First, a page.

Thursday, May 12, 2022

Elkhorn Slough National Estuarine Research Reserve, Moss Landing, California

 Waxing Gibbous Moon

The ancestral tribal lands of the Ohlone Kalentaruk people.

The Elkhorn Slough National Estuarine Research Reserve is a Central Coast jewel located near Moss Landing, CA. As the name implies, the reserve protects and studies the tidal wetlands adjacent to the Monterey Bay National Marine Sanctuary. Considering that 90% of California's wetlands have been destroyed by development in the past 250 years, the reserve's importance cannot be overstated. To learn about its history and its modern mission, click the link above and explore their ever-improving website.

For my purposes, the Slough is home to a network of trails, most of which I have hiked multiple times. Yesterday I visited with the notion of walking the ones that were still new to me. It was sunny but the sea breeze was chilly, so I layered up and adjusted accordingly. The last time I was there I surprised a napping bobcat concealed by some tall grass - I had the pleasure of seeing it up close as it sprang up and fled into the trees. Sorry, Bob, but thanks! 

Would I have the chance to see something that cool again? There was only one way to find out, one foot in front of the other. I checked in with the staff at the nicely landscaped Visitor Center and headed down to the trailhead. My modest goal was to walk the Long Valley Loop, the Murphy Trail, the Parson Slough Trail, and the Five Fingers Loop before returning on the main trail from the barns to the Visitor Center. This is an easy walk for most able, healthy individuals with just a little bit of up and down.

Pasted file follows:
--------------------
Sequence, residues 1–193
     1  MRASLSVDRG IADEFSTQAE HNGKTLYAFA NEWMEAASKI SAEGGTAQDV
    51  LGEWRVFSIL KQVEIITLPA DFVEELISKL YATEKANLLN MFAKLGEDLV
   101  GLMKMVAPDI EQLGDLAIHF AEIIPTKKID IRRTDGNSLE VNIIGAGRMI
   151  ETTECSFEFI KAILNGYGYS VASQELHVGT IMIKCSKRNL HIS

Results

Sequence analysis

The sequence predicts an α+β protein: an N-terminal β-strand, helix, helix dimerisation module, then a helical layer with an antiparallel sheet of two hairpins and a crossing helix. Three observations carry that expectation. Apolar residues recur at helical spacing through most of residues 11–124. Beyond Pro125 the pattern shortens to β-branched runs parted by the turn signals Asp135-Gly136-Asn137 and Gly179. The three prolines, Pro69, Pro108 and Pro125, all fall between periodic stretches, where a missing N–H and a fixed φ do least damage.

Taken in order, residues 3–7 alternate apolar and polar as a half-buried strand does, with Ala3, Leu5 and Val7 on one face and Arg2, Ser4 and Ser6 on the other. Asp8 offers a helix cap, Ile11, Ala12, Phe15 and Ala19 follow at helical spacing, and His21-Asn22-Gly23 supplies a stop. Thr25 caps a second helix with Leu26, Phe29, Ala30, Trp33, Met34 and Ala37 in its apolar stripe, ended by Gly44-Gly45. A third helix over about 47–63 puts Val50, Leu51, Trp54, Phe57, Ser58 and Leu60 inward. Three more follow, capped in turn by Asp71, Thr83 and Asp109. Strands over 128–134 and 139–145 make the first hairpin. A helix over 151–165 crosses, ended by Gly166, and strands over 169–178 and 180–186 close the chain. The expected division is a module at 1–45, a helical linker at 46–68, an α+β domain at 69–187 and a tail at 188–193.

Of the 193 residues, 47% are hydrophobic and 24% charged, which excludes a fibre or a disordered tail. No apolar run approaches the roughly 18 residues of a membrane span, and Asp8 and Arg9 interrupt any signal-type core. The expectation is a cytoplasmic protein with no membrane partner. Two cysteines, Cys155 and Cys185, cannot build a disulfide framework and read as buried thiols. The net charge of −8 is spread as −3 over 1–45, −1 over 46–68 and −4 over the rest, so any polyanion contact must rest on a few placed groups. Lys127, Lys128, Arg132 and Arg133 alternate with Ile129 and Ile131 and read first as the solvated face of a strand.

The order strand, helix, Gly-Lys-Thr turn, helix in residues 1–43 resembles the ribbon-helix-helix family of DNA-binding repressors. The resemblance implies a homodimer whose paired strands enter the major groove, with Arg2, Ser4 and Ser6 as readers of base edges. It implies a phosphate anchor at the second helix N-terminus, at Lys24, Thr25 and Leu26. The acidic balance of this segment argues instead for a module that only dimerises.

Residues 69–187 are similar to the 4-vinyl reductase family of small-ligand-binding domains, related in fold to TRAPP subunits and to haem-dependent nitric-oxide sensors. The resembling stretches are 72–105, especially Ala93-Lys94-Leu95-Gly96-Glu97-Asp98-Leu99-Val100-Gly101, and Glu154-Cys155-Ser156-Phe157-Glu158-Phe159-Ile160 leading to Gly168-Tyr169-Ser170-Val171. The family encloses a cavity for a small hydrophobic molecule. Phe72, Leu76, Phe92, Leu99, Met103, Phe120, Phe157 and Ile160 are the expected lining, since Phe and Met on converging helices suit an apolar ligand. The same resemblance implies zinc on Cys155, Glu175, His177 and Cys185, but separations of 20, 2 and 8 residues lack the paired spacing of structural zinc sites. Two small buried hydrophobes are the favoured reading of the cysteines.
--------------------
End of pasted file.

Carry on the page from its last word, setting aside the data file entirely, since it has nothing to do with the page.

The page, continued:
There were wildflowers and grasses and tree tunnels everywhere lining the trails plus several sitting benches along the way at strategic viewing places. One bench was dedicated to Sam Farr, a former Congressman for our area and from everything that I can tell, a great human being. Sam stood up for the beauty and environmental importance of the Central Coast and its inhabitants at every opportunity. A bench with a view is the least we can do to show him the respect he has earned.

I didn't see a bobcat this trip, but I did see a curious little vole (meadow mouse). It scurried out from beneath some newly mown grass on the trail and headed straight for my Vasque Breeze low cut trail runner. I stopped to see what it would do and it burrowed back into the grass a few inches short of my foot. Was I walking on top of its den? Was it protecting its babies? Did its buddy vole dare him/her to do it? I'll never know, but it seemed a little reckless to me. Not every Vasque Breeze trail runner is attached to a gentle soul-sole like me-mine.

The tide was about in the middle between low and high from what I could tell. The views of the slough were interesting and colorful, although the trails stayed well away from the water most of the time. I didn't see any sea otters or pelicans (my two favorite local animals), but I did catch a few fleeting glimpses of what I think was a soaring golden eagle. I wondered if it would bother to swoop down after something as little as a vole.

On the way back I passed a couple of old barns that add some charm to the scene. The staff person in the Visitor Center had asked me to stay out of the barns for safety reasons - otherwise I would have poked around in there for a bit. I love old barns.

Peace, Love, and Meadow Mice,

#2,022 in 2022

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